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Quercus rubra - Quercus shumardii / Cercis canadensis Floodplain Forest
Translated Name: Northern Red Oak - Shumard Oak / Eastern Redbud Floodplain Forest
Common Name: Potomac Gorge Bedrock Oak Floodplain Forest
Unique Identifier: CEGL006495
Classification Approach: International Vegetation Classification (IVC)
Summary: This vegetation type is confined to floodplains near the knickpoint at the head of the Potomac River fall-line at Great Falls, where the floodplain is being rapidly incised by anastomosing channels and is transitional to a strath terrace. Soils are sandy loams and are somewhat shallow with bedrock exposures. Average flood-return interval is about 1 to 2 years on the Maryland side; at least some of the Virginia habitat has a longer return interval. The vegetation is an open forest to woodland with the tree canopy dominated by Quercus rubra, Quercus shumardii, Fraxinus americana, and Ulmus americana. Carya cordiformis, Juglans nigra, and Celtis occidentalis also occur. The subcanopy and shrub layers range from very open to dense, with Cercis canadensis characteristic. Quercus macrocarpa is a Maryland state-rare species that occurs in this type. The herbaceous layer is also variable, differing greatly on opposite sides of the river. The Maryland stands are dominated by tall, weedy native species, primarily Ageratina altissima and Teucrium canadense; Verbesina alternifolia and Symphyotrichum lateriflorum (= Aster lateriflorus) also are frequent. The Virginia stands are dominated by graminoids, primarily Elymus hystrix var. hystrix, Elymus villosus, Elymus virginicus, Dichanthelium boscii, and Chasmanthium latifolium. The unusual combination of tall, disturbance-adapted herbs of low floodplains, upland herbs, and trees of higher floodplains and uplands is probably due to the combination of frequent flooding and seasonal dryness.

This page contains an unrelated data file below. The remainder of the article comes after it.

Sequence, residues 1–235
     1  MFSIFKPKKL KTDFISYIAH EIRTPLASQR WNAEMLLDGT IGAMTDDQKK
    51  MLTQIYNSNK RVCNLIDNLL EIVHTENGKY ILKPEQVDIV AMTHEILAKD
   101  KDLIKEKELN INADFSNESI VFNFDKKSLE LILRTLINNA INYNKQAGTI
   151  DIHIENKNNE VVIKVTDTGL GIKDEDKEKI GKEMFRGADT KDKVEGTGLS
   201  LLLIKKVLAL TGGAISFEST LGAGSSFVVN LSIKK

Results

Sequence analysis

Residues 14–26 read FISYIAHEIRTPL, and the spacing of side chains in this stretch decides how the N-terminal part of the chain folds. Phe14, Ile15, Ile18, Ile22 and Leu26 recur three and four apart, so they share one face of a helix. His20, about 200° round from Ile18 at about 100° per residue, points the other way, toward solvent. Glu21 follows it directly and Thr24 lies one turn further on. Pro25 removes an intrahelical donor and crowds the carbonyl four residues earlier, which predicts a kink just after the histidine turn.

Classification

Classification Confidence: Moderate